#AJEOpinion: Use of untested #Ebola drug on Africans must not go unpunished http://t.co/UvnGA18ykn pic.twitter.com/VvWIRw6E4C
— Al Jazeera English (@AJEnglish) January 3, 2015
The Al Jazeera headline above is misleading and would be way scarier if corrected: It’s not an “Ebola drug” being tested on Africans, it’s a completely unrelated drug (a heart medication) that some Italian NGO decided unilaterally also works against Ebola, even though it doesn’t and there’s no evidence to support that claim. British medics are saying that they think the use of this drug is actually killing more patients with Ebola, and the British government demanded that the Italians stop using it. It was also not approved for use by the local government.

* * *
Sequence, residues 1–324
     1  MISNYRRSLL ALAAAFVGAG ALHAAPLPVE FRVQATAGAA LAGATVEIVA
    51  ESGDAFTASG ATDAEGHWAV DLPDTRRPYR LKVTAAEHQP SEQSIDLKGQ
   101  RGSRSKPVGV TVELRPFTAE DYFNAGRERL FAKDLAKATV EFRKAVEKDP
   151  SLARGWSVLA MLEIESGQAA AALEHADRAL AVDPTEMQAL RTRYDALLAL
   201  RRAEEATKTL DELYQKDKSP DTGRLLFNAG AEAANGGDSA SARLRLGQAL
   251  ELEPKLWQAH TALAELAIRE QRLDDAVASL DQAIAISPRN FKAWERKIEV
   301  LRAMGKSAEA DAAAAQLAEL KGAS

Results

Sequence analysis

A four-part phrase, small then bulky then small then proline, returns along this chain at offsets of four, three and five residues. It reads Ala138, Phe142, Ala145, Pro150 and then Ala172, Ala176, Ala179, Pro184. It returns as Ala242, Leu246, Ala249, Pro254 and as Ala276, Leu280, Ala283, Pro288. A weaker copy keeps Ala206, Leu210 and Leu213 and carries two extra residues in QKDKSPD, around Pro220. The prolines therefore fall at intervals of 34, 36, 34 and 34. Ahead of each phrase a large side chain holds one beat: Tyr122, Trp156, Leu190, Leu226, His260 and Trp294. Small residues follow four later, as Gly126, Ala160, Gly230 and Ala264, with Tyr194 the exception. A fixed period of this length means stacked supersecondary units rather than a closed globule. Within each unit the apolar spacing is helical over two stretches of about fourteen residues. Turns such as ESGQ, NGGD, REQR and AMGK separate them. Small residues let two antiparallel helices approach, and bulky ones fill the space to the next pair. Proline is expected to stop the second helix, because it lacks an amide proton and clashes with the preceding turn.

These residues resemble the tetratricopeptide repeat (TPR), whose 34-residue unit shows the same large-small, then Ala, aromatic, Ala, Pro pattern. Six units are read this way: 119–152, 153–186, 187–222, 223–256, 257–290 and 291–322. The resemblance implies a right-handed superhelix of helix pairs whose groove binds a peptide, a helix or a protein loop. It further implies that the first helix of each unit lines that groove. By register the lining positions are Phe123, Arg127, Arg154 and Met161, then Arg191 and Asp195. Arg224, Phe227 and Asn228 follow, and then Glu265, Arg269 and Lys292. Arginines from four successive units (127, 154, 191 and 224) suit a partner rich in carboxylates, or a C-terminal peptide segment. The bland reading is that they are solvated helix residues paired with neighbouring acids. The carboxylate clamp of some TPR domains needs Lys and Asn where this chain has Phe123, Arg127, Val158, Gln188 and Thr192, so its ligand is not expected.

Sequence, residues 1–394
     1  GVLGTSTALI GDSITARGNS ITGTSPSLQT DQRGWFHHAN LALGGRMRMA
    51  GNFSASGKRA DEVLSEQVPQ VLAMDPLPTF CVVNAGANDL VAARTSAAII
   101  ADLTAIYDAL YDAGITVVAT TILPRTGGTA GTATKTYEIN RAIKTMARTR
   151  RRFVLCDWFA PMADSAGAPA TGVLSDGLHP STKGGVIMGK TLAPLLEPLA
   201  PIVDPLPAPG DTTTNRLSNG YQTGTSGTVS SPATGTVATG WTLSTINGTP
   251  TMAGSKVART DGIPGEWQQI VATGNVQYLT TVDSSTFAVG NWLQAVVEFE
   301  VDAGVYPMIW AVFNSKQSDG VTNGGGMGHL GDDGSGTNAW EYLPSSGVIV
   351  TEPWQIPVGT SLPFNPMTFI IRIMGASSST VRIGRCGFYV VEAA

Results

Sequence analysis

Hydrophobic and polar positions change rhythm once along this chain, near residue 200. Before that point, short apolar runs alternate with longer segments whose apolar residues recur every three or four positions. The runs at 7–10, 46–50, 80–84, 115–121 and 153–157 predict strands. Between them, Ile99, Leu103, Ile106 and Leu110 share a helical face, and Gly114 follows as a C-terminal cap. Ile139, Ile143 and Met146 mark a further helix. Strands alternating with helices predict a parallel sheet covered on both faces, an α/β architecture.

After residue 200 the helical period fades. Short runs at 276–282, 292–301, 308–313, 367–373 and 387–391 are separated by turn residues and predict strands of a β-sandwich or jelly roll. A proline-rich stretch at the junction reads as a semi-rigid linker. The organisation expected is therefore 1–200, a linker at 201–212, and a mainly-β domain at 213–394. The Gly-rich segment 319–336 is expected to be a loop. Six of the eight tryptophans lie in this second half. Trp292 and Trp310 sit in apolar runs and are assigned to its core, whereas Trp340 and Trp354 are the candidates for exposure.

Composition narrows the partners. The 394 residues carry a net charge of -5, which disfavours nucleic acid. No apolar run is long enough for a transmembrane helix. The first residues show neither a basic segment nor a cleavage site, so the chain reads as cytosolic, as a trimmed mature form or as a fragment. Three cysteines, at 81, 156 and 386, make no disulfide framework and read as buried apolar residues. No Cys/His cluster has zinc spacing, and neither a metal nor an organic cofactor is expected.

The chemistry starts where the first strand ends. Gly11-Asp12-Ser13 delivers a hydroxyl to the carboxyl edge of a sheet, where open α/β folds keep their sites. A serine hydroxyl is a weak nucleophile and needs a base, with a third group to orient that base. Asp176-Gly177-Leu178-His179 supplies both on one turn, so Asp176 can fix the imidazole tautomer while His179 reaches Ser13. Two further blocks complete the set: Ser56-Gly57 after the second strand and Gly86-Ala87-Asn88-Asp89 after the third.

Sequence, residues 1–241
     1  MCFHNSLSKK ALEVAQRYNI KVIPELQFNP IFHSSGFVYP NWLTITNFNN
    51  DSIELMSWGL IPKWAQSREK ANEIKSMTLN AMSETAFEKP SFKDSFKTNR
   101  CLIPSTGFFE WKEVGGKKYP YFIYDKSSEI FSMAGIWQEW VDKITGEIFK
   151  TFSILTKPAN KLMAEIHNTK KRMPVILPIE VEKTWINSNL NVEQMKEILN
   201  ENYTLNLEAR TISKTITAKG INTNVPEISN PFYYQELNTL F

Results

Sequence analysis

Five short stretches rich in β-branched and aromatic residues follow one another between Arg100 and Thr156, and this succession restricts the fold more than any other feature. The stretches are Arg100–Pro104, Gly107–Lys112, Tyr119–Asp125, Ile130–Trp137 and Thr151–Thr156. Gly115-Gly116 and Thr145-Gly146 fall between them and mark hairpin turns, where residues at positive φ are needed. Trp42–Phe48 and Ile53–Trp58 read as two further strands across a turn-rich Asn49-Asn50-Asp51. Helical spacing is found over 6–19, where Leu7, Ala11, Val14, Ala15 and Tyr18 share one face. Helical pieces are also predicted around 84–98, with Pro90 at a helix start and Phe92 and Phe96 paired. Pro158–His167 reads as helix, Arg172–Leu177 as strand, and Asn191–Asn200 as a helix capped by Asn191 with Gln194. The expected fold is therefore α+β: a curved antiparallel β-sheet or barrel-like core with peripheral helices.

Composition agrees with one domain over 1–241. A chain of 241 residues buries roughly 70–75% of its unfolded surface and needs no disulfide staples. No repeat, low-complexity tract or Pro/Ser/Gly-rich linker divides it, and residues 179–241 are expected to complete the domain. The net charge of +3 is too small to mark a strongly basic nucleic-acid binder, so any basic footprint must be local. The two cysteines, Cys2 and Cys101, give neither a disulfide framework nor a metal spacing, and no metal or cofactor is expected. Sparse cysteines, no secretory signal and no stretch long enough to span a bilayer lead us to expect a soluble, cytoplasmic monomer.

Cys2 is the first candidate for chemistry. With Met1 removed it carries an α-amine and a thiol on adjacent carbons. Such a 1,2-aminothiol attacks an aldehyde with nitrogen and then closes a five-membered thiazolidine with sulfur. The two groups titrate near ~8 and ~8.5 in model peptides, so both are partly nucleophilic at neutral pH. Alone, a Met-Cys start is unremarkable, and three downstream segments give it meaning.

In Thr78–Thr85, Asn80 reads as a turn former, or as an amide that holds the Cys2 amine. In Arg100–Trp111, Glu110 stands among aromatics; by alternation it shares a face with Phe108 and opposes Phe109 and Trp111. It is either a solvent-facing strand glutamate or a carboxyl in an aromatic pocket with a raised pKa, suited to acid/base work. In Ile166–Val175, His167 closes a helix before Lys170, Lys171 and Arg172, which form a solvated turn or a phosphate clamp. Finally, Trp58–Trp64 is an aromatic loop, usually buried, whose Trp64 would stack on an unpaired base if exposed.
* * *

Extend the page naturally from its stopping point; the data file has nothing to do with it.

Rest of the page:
As the Liberian author of the Al Jazeera piece says, abuses like this are exactly why locals don’t trust “Western medicine” in the first place. From the colonial era to — as she discusses — Tuskegee and Guatemala, or even to the more recent fake CIA vaccination program in Pakistan, there are simply a lot of good reasons for the poor and vulnerable populations of the world to fear medical “assistance” from Western governments and doctors. This disgusting abuse in Sierra Leone is only likely to worsen that fear, even as local medical facilities and staff have been completely overwhelmed and outsiders have become necessary to halt the outbreak.
Moreover, the author notes that Ebola has been around since 1975, so “urgency” is hardly a valid excuse to throw all the ethical rules of drug testing out the window.